aureate language

a style of poetic diction, used originally in 15th-century English poetry, characterized by the use of ornate phrases and Latinized coinages.

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Universalium. 2010.

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  • aureate language — a style of poetic diction, used originally in 15th century English poetry, characterized by the use of ornate phrases and Latinized coinages …   Useful english dictionary

  • aureate — aureately, adv. aureateness, n. /awr ee it, ayt /, adj. 1. golden or gilded. 2. brilliant; splendid. 3. characterized by an ornate style of writing or speaking. [1400 50; late ME aureat < LL aureatus decorated with gold, equiv. to L aure(us)… …   Universalium

  • aureate — adjective a) golden in color or shine b) characterized by inflated or pompous language See Also: auric, aurous …   Wiktionary

  • aureate — (Roget s Thesaurus II) adjective Characterized by language that is elevated and sometimes pompous in style: bombastic, declamatory, flowery, fustian, grandiloquent, high flown, high sounding, magniloquent, orotund, overblown, rhetorical, sonorous …   English dictionary for students

  • aureate — au•re•ate [[t]ˈɔr i ɪt, ˌeɪt[/t]] adj. 1) golden or gilded 2) cvb characterized by ornate, often pompous language • Etymology: 1400–50; late ME aureat < LL aureātus decorated with gold au′re•ate•ly, adv …   From formal English to slang

  • aureate — adj. 1 golden, gold coloured. 2 resplendent. 3 (of a language) highly ornamented. Etymology: ME f. LL aureatus f. L aureus golden f. aurum gold …   Useful english dictionary

  • Poetic diction — is the term used to refer to the linguistic style, the vocabulary, and the metaphors used in the writing of poetry. In the Western tradition, all these elements were thought of as properly different in poetry and prose up to the time of the… …   Wikipedia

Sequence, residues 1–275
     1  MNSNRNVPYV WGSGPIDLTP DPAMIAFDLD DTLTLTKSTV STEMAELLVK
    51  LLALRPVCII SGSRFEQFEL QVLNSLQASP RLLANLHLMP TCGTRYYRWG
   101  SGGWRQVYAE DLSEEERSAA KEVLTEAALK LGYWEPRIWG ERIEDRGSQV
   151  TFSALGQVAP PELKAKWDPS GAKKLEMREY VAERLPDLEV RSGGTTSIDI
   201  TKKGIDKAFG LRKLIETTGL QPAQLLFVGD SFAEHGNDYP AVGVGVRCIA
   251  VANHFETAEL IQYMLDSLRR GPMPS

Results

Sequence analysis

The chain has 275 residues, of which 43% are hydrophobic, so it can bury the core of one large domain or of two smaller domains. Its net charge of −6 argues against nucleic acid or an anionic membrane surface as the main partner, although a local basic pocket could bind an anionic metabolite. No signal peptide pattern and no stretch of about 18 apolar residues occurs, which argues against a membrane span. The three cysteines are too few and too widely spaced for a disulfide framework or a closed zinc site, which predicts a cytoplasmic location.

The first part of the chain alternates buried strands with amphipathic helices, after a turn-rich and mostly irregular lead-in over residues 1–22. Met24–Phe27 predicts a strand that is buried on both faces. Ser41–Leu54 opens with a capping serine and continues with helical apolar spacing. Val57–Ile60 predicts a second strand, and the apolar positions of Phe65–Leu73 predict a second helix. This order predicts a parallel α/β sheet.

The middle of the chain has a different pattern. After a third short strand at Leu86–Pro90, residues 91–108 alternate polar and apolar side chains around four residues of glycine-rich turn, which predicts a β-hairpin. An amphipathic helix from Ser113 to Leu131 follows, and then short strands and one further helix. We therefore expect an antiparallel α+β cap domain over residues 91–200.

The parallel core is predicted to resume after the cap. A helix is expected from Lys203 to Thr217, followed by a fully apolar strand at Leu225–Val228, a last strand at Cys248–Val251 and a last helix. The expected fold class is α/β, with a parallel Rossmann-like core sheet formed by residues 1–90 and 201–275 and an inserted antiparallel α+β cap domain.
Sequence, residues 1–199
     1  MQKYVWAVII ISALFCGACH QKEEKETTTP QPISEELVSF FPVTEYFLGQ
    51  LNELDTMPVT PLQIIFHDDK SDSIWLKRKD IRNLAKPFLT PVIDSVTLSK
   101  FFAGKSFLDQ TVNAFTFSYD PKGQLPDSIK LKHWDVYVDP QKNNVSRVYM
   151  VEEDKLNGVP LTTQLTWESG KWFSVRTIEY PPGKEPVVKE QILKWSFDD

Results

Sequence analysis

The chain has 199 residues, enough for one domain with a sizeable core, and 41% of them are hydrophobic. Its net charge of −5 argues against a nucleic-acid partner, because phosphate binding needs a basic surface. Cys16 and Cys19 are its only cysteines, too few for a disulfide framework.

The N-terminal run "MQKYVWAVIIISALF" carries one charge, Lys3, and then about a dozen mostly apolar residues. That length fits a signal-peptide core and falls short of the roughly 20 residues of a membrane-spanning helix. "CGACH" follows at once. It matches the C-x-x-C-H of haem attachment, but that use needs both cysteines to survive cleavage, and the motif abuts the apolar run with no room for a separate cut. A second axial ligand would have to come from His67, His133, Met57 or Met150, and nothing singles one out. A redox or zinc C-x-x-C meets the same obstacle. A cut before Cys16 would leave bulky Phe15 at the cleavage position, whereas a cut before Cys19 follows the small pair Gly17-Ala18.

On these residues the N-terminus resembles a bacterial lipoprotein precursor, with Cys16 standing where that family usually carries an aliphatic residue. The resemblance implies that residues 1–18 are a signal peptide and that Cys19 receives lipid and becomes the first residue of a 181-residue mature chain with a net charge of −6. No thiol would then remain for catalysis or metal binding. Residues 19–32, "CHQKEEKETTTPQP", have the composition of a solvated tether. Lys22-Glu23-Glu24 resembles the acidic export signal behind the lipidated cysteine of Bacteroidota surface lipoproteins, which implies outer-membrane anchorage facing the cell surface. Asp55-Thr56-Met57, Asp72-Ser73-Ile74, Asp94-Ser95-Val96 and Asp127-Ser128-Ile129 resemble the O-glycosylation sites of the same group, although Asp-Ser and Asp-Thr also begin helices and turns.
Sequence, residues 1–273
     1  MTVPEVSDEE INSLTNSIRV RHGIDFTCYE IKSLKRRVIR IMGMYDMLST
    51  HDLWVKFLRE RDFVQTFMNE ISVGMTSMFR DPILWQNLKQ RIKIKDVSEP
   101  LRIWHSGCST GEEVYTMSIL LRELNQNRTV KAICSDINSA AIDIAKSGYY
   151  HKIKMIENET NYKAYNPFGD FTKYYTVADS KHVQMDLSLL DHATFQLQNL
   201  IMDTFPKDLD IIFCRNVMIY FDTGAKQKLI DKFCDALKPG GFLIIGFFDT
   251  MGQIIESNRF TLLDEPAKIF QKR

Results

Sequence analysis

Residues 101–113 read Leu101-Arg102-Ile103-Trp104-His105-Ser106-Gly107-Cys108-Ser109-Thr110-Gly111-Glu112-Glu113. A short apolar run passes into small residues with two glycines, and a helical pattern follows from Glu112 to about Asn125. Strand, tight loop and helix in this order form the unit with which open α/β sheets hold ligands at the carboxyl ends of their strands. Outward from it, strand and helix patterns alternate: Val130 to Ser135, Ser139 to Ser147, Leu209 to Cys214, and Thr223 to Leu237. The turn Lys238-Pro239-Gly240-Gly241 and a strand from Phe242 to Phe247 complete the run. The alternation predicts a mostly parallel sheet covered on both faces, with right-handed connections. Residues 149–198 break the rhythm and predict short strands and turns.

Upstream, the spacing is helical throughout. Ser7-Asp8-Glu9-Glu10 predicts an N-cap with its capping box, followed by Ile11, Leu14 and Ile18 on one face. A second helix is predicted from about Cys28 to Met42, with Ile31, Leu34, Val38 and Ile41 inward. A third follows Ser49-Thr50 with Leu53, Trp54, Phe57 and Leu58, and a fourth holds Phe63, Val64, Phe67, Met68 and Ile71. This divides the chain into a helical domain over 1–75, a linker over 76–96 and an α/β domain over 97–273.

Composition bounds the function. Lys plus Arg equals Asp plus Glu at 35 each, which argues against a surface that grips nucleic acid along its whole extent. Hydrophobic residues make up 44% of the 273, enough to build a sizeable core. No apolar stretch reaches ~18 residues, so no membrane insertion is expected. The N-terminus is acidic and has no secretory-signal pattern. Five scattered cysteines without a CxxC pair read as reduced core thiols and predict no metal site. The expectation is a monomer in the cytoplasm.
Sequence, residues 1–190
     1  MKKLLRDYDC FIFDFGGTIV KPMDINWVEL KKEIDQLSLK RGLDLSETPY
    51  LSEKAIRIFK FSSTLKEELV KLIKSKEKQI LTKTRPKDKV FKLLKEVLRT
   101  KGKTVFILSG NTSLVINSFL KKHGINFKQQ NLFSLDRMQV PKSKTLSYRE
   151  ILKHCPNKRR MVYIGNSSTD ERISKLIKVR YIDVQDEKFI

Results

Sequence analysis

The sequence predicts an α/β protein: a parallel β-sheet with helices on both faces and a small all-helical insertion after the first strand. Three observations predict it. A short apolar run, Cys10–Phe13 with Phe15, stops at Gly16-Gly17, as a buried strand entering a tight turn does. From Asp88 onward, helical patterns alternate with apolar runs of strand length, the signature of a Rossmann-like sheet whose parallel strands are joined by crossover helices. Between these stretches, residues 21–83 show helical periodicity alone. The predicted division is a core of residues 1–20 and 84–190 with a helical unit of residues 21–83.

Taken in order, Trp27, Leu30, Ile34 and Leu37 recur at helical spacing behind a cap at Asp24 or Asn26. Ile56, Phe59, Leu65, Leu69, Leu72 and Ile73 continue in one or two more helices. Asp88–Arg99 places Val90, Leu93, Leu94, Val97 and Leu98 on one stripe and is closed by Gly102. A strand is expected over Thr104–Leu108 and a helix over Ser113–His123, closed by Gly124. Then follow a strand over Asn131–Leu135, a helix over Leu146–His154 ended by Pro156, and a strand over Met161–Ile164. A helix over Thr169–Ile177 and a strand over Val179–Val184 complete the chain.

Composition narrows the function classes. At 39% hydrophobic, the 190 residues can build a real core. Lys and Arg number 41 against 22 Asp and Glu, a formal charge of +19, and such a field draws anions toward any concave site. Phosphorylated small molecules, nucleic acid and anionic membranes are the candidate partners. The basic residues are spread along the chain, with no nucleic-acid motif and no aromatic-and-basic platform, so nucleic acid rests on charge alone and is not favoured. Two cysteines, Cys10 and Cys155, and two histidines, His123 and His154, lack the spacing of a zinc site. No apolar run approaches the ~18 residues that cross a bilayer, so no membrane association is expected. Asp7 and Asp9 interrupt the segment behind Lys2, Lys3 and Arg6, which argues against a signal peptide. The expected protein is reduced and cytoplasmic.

• Aureation — is a rhetorical device that involves the heightening of diction by the introduction of Latinate or polysyllabic terms. The term is derived from Latin aureus , meaning golden or gilded. In aesthetic and historic terms it can be seen as the… …   Wikipedia

  • rhetorical — rhetorical, grandiloquent, magniloquent, aureate, flowery, euphuistic, bombastic are comparable when they mean emphasizing style often at the expense of thought. Rhetorical describes a style, discourse, passage, phrase, or word which, however… …   New Dictionary of Synonyms

  • English literature — Introduction       the body of written works produced in the English language by inhabitants of the British Isles (including Ireland) from the 7th century to the present day. The major literatures written in English outside the British Isles are… …   Universalium

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